Lastly, don’t take Black’s comedy so seriously!

  • HarryStamper

    Larry as said before Prop 8 was meant to defend traditional marriage do to your attacks. For example, Mayor Gavin Newsom of San Francisco authorized gay marriages in defiance of California Law which prohibited it. Remember the clerk in Kentucky who was arrested for “defying” the law. For the most part, Prop 8 was a response to Mayor Newsom and others. You say Prop 8 is “discriminatory law”, not at all…the law applies to all, male and female, black, white, old and the young…you get the point. It applied to all citizens of California. It may be bad law…but to say it discriminated is simply not the truth. Also, Prop 8 was not law, it amended the constitutional definition of marriage “as between a man and woman.” One sentence…that’s all. Saying “my religion” is no justification for law. Yes it is, over 60% of all marriages are performed in churches or by a licensed pastors (Bishops) in America, maybe not in a church…but performed by. It’s not all civil.

  • Garson Abuita

    Trytoseeitmyway, please explain to me what I said that was inaccurate. Otherwise refrain from your childish insults.

  • clay

    The majority of his statements are true. The prop 8 fight was an end road around the law.The Jimmy Carter claim might be false, but the institutionalized racism claim is true. Their god is still a hateful bigot.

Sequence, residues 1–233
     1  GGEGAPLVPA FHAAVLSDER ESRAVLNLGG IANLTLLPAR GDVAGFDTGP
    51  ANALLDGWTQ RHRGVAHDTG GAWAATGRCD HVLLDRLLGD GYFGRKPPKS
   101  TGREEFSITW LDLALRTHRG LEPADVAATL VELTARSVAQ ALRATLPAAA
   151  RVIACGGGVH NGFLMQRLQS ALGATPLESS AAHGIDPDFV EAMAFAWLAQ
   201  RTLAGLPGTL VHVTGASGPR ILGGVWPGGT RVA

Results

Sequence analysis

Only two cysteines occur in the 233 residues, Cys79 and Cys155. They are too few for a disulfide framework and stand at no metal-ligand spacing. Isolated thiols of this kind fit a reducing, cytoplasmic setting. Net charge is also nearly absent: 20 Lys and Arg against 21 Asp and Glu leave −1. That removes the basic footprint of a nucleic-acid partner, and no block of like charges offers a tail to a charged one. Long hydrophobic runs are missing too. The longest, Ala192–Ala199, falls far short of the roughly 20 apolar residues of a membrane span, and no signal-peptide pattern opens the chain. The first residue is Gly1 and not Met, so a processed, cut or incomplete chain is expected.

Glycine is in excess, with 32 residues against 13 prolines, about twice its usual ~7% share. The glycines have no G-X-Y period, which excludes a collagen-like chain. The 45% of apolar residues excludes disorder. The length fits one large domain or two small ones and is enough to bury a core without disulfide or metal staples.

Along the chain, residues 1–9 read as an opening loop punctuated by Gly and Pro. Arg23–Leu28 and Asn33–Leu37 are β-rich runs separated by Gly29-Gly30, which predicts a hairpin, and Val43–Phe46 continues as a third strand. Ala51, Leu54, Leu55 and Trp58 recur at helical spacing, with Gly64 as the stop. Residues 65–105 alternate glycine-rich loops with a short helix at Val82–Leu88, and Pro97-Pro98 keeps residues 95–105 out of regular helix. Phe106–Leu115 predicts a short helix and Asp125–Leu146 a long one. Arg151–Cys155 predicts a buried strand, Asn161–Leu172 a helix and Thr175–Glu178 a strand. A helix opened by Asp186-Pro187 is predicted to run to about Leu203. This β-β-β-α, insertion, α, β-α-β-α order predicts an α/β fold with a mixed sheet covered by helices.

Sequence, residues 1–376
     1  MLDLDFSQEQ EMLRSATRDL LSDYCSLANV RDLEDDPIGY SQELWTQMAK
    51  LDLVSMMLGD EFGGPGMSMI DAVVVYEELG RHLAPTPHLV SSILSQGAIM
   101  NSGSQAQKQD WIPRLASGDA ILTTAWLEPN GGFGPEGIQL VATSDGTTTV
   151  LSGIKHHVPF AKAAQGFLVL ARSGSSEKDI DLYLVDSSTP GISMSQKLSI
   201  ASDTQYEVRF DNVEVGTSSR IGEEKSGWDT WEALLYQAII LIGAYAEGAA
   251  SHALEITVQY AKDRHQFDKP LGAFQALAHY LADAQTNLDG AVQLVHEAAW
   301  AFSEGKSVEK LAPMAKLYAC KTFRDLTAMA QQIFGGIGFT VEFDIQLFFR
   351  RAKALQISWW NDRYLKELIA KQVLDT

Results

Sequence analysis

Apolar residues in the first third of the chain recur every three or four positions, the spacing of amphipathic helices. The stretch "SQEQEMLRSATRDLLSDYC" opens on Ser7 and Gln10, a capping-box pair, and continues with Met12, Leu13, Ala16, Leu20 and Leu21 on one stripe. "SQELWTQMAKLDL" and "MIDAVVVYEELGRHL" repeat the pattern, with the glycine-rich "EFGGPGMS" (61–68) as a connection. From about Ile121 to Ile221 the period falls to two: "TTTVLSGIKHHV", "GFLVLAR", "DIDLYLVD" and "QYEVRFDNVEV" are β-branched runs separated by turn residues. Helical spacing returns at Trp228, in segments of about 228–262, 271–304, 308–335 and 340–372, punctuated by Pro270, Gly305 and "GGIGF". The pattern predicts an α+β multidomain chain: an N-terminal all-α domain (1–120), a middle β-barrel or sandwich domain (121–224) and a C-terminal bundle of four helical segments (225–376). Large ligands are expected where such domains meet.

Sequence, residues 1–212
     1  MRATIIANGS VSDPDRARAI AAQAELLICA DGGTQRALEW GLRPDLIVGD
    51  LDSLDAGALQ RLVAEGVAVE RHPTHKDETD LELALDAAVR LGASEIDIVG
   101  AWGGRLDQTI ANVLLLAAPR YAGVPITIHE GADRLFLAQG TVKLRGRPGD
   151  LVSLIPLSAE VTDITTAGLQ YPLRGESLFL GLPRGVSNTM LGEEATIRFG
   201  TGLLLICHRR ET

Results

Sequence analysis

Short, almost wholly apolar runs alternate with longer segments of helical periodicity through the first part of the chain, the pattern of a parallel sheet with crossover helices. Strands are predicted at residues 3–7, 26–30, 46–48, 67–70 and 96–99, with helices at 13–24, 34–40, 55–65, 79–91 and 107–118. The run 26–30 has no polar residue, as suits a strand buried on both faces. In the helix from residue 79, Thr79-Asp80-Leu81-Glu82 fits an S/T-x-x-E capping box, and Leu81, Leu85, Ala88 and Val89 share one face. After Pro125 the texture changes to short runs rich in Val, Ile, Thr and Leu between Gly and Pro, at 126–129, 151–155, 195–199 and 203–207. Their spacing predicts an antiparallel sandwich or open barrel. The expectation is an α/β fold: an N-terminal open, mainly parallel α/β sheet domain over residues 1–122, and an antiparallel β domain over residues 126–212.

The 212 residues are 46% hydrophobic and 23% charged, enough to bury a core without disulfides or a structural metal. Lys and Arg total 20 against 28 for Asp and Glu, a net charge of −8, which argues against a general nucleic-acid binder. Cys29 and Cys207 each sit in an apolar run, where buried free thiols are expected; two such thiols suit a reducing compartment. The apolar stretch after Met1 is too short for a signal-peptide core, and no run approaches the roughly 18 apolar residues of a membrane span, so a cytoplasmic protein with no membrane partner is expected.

• “VERDICT: False. Although there are a number of good historical reasons to think that the 1978 revelation had some human components… there is no evidence that President Carter ever “threatened the church’s tax-exempt status in 1978.”‘

    While is it true that the President Carter rumor is without substance, as you said well Jana, there is still substantial evidence that other “secular” factors were in play in 1978. For example as Jim Huston has noted well:

    “Indeed, it’s true that the Church of Jesus Christ of Latter-day Saints was not directly threatened directly by the changes in tax law during the 1970’s but their wholly owned schools were. The financial ramifications in conjunction with the possible political embarrassment made for an untenable situation – one that I wonder if was engineered in part by Spencer W. Kimball. He was a supporter of the change in 1969.”
    http://beggarsbread.org/2013/08/19/what-we-do-know-about-the-1978-revelation/

  • John Minagro

    I’m coming into this very late. But after reading the article and the comments I really have to say this: If the Mormon Church president had asked its members to support Prop 8, the membership would have bent over backwards to find a reason in their hearts to support and do what Monson asked them to do. This is what is so insidious about the Mormons and how they do things. They demand absolute obedience to their church and its teachings; it’s the first covenant they make in their temples. Either you do, or you’re not. And I maintain that Mormons, like sheep, DO what their leaders tell them to do or think. If Monson told them to support same sex marriage, they would. Because they do what they’re told.